Commerce Secretary Wilbur Ross on Thursday said he doesn't understand why federal employees would need assistance from food banks, when they should be able to secure loans to ride out the shutdown.
Ross, whose net worth is in the hundreds of millions, told business network CNBC Thursday he knows federal workers are visiting shelters to find free food, but doesn't quite understand why that's necessary. Roughly 800,000 federal employees have gone without a paycheck for more than a month now, as the longest shutdown on record continues.
In Washington, D.C., and around the country, communities have opened up food banks to federal workers who aren't currently receiving a paycheck. Ross pointed out that workers will eventually receive their paychecks, and so financial institutions should be lending to them temporarily.
"Well, I know they are and I don't really quite understand why," Ross told CNBC, on federal workers at food banks. "Because, as I mentioned before, the obligations that they would undertake, say borrowing from a bank or a credit union are in effect federally guaranteed. So the 30 days of pay that some people will be out, there's no real reason why they shouldn't be able to get a loan against it and we've seen a number of ads from financial institutions doing that."
Ross' comments sparked immediate backlash.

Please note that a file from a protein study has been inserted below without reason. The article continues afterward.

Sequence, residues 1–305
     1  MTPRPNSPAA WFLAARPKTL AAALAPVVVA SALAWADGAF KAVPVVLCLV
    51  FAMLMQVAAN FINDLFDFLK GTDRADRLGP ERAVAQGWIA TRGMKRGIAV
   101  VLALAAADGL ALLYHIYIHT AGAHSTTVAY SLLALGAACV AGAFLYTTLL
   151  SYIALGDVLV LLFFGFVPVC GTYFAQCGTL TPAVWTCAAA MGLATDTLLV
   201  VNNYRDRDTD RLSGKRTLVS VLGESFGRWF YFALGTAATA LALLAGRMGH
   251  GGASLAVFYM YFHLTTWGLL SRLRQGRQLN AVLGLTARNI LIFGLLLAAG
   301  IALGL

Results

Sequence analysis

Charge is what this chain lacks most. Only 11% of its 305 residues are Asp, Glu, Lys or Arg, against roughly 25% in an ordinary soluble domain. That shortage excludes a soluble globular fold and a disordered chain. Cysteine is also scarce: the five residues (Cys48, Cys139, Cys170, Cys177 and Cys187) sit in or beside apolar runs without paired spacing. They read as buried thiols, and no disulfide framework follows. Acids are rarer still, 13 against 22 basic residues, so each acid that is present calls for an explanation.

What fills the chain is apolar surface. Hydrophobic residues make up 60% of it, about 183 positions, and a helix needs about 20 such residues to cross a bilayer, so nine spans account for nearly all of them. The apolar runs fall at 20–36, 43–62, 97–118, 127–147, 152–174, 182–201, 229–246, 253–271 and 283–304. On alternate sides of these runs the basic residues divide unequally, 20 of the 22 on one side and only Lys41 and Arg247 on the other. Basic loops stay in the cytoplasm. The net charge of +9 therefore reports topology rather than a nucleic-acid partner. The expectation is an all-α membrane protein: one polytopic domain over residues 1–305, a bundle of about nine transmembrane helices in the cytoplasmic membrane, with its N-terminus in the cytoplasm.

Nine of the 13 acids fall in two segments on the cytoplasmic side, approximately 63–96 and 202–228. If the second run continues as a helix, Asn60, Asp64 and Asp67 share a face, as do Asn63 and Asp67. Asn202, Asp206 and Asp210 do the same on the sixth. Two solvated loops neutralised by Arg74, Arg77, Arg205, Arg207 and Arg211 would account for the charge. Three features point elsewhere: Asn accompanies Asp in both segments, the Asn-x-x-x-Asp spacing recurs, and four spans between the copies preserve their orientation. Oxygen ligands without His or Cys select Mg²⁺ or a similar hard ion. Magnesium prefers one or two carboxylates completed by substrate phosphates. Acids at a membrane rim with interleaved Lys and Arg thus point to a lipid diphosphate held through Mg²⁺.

"Wilbur Ross is a billionaire," Senate Minority Leader Chuck Schumer tweeted (although Forbes removed him from its billionaires list in 2017). "And this is billionaire Wilbur Ross saying he doesn't understand why federal workers not getting paid during the #TrumpShutdown don't just take out loans *to feed their families* Unreal."
Ross' remarks come as the president himself has struggled to empathize with federal workers going without pay. The president has called them "patriots" and says most of them understand his border wall and border security are worth it, but some federal workers going without pay for now don't see it that way.
"It must be nice to be a billionaire ... that he doesn't have to worry about a paycheck," one Coast Guard aviator in North Carolina told CBS News earlier this month.
Larry Kudlow, the president's top economic adviser, said nobody wants federal workers to experience the pain they currently are.
"I fret about the hardship. OK?" Kudlow told reporters Thursday afternoon. "That's just me. I fret about the hardship. And my great hope is that we can reach an agreement ASAP so that those furloughed workers and others will come back look they're going to get paid. They're going to get paid. ... Am I out of touch? I don't think I'm out of touch. I mean I've met with my individual staff members, and God bless em, they're working for free, they're volunteering, but they do it because they believe government service is honorable and they believe in president Trump and they're working as hard as ever."
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